# Activities

• • • ##### Subject Area

• Math: Calculus: Transcendental Functions

• ##### Author 9-12

60 Minutes

• ##### Device
• TI-92 Plus / Voyage™ 200

CBL™/CBL 2™
CBR™/CBR 2™

• ##### Other Materials
This is Activity 11 from the EXPLORATIONS Book:
Discovering Math on the Voyage 200.

The following materials are required for this activity:
• Light spring
• 1 standard slotted mass hanger
• 1 paper plate

## Modeling Damped Motion

#### Activity Overview

In this activity, students use a Calculator-based Laboratory unit CBL 2™ to collect motion data as a paper plate attached to a loose spring oscillates up and down above a motion detector. They also find an appropriate mathematical model for the resulting data set.

#### Before the Activity

• Connect the Voyage 200 to the CBL 2 with the Unit-to-Unit cable
• Connect the CBR 2 via the DIG/SONIC port to the CBL 2 unit
DataMate for TI-83+
DataMate for TI-84+ application to collect data
• Attach the paper plate to the end of a standard mass hanger and then attach the hanger to the spring
• See the attached PDF file for detailed instructions for this activity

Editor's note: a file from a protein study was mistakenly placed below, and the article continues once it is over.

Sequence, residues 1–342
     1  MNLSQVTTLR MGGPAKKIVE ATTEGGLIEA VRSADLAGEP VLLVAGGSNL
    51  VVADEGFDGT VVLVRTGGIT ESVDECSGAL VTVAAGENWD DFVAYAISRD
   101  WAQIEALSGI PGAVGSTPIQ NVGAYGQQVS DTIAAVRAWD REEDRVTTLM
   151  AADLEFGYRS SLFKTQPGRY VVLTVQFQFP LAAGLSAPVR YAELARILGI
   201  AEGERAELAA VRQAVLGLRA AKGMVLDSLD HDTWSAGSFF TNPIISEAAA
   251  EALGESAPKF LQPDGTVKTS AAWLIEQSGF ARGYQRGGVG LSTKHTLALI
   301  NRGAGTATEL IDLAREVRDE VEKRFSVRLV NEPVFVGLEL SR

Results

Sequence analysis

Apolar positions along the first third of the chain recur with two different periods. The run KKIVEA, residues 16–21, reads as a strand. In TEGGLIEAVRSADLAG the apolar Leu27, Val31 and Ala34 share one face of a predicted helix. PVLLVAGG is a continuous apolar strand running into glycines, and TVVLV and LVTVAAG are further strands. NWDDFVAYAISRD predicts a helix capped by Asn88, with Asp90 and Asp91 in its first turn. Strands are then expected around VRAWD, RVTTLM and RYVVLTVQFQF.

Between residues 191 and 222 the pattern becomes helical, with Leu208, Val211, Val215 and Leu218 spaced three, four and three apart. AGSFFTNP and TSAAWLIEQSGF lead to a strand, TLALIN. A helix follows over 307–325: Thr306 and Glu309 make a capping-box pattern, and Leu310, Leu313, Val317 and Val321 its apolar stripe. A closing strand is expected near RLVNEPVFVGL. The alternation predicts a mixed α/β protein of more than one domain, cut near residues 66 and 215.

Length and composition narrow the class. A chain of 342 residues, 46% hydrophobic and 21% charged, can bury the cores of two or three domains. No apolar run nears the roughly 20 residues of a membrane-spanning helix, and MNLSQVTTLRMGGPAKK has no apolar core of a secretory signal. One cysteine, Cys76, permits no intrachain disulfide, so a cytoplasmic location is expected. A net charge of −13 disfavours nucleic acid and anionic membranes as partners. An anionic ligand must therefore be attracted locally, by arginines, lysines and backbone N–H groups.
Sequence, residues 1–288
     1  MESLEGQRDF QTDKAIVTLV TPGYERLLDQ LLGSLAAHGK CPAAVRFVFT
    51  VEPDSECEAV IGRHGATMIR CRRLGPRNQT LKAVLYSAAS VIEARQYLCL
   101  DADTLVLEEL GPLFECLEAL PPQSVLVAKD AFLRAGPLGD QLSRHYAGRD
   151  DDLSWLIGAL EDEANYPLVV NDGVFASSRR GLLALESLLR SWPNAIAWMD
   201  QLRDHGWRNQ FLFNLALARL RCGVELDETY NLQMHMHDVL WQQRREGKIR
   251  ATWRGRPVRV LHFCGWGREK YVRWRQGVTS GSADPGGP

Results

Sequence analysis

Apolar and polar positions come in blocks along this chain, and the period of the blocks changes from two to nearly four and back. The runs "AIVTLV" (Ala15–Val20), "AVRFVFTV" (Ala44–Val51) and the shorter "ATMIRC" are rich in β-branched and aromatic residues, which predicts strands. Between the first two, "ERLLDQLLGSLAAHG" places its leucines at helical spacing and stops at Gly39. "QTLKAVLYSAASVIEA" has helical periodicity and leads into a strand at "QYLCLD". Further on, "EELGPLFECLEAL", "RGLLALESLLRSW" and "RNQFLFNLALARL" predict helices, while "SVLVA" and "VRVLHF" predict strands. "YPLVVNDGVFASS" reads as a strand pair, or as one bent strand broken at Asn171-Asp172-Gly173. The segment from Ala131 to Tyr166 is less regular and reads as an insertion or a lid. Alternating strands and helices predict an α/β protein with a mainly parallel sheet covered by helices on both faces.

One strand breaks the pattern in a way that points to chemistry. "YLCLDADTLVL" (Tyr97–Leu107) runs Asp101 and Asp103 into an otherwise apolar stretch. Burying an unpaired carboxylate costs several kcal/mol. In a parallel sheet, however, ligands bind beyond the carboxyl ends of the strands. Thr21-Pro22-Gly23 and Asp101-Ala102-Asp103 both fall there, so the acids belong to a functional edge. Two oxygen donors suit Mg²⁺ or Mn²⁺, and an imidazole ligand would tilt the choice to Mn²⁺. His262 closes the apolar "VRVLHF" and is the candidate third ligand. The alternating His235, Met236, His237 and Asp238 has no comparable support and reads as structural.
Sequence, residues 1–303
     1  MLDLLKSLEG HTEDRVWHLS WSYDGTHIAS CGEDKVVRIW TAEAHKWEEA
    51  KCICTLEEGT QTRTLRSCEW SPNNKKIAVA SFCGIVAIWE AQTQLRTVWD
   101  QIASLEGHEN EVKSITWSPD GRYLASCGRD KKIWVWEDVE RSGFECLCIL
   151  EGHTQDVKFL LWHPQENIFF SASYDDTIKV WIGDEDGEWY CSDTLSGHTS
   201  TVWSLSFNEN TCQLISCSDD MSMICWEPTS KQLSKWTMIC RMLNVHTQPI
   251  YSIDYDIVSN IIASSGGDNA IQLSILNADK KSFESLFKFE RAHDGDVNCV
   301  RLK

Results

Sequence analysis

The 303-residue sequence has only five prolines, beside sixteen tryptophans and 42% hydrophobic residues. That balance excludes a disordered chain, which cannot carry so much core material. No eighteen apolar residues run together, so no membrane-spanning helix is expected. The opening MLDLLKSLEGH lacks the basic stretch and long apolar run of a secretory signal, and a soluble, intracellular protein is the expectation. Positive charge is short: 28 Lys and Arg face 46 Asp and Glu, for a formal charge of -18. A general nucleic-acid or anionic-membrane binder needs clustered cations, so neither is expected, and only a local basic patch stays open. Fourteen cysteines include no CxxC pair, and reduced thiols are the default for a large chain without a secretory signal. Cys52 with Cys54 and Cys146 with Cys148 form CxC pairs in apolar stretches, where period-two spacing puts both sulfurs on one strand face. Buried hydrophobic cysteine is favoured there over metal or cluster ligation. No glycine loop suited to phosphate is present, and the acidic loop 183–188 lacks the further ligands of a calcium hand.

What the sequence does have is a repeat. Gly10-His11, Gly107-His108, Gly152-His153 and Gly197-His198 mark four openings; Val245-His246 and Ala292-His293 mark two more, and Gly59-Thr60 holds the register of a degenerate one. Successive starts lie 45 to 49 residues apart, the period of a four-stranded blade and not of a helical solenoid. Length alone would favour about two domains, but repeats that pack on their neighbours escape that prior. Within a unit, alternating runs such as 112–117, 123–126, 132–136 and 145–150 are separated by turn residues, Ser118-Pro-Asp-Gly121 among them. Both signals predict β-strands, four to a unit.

• Print pages 87 - 88 from the attached PDF file for your class
• #### During the Activity

Distribute the pages to the class.

• Zero the motion detector for the zero reference position to be equilibrium position of the plate
• Position the spring plate assembly at least one meter above the detector
• Pull the plate downward about 10cm and allow it to oscillate up and down and collect distance versus time data
• View the distance graph
• Observe that the modified period motion graph centered on the x-axis shows amplitudes that decrease with time
• Use a simple sinusoidal function to model the data
• Find the first maximum distance value (amplitude) and time for the first maximum to occur
• Calculate the period of oscillation and number of oscillation made by the plate during the natural period of cosine function
• Determine how well the modeling fits the data
• Use the calculator and the motion versus time graph to find the coordinates of maximums
• Find the exponential equation that best fits the distance maximums data
• Determine how well the equation fits the data
• Observe the original modeling equation provided a poor fit
• Observe that the model in which the amplitudes decay exponentially fits the distance versus time data well
• #### After the Activity

Review student results:

• As a class, discuss questions that appeared to be more challenging
• Re-teach concepts as necessary